What is known about the crash of the Indonesian Boeing 737-524

What is known about the crash of the Indonesian Boeing 737-524

A passenger plane of the Indonesian company Sriwijaya Air crashed on January 9 into the Java Sea near Jakarta. Onboard were 56 passengers, including 10 children, and six crew members.

Russian President Vladimir Putin offered his condolences to Indonesian President Joko Widodo. State Duma Speaker Vyacheslav Volodin sent a telegram of condolence to the chairman of the Council of People’s Representatives of the Republic of Indonesia Puan Maharani.

What happened

Jakarta airport dispatchers lost contact with the flight four minutes after takeoff. According to authorities, the plane went down in the Java Sea off Lucky Island.
Ground services did not receive a distress signal from the plane’s crew.
Parts that may belong to the plane were found in the area where the airliner is believed to have crashed, according to Seribu Jeffrey, a spokesman for the district administration.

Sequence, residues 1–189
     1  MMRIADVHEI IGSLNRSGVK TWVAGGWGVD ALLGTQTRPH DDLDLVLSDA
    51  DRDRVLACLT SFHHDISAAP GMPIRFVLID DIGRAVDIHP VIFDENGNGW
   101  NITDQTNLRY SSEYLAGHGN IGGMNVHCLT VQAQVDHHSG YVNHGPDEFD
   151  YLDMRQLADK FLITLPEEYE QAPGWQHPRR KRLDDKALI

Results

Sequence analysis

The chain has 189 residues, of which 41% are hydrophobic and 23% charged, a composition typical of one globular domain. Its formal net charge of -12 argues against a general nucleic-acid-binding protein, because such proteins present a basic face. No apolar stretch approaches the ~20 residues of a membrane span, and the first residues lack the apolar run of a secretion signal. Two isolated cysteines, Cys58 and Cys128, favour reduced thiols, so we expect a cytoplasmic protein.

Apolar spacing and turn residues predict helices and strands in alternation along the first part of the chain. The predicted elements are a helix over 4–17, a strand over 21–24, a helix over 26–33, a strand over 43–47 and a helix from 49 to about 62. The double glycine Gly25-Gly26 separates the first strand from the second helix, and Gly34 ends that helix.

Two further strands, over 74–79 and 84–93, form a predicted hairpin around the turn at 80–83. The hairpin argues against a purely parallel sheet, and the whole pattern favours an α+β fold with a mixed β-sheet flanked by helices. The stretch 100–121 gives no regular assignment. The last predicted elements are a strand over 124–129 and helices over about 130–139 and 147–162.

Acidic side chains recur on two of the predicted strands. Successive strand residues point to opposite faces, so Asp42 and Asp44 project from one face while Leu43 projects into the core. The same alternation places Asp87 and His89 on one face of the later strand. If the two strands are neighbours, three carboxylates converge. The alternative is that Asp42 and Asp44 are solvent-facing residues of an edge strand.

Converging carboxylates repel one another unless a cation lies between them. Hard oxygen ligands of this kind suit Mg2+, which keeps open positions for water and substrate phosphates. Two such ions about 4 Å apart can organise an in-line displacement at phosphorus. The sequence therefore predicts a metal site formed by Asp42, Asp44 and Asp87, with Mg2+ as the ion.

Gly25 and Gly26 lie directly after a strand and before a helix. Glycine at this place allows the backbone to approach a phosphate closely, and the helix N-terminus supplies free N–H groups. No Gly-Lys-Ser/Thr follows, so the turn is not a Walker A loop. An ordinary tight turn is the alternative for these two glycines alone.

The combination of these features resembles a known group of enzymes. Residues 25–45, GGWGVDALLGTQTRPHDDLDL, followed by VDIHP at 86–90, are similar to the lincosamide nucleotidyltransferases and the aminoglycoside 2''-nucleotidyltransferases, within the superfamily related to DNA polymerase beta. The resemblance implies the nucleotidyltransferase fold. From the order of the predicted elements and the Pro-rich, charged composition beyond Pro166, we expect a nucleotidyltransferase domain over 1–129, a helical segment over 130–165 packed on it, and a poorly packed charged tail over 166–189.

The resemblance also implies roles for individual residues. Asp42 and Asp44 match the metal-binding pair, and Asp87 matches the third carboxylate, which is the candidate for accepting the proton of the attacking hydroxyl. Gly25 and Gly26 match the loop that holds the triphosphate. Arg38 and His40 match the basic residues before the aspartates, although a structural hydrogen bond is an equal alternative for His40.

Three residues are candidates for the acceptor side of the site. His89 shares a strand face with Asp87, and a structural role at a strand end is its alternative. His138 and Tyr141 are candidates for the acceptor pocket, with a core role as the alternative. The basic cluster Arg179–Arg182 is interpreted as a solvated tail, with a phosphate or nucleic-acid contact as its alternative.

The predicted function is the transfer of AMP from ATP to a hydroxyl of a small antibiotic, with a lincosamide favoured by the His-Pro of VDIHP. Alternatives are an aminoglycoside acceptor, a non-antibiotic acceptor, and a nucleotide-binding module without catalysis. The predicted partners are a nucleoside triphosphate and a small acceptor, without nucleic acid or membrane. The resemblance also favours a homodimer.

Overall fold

The causes and circumstances of the accident have not yet been established. According to Flightradar, Boeing managed to gain an altitude of about 3 thousand meters.
The fate of those on board is also still unknown.
What is known about the plane and the flight?

According to open sources, the crashed Boeing was built in 1994 for the American airline Continental Airlines, which later merged with United Airlines. The plane joined the Sriwijaya Air fleet in 2012.
The flight was SJY182 from Jakarta to Pantianak, the administrative center of the Indonesian province of West Kalimantan. The flight was supposed to take about an hour.
According to preliminary information of the authorities referred to by the Russian embassy in Indonesia, there were no Russians on board the crashed plane.
How often does this happen?

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In Indonesia, the Boeing crash was the ninth such incident in the past ten years.
The largest was the crash of a Boeing 737 Max 8 of local airline Lion Air on October 29, 2018, when 189 people died. An investigation revealed that the accident was caused by the activation of the MCAS automatic auxiliary system. Following a similar crash in Ethiopia in March 2019, the operation of Boeing 737 Max airliners was suspended worldwide and only resumed in December 2020.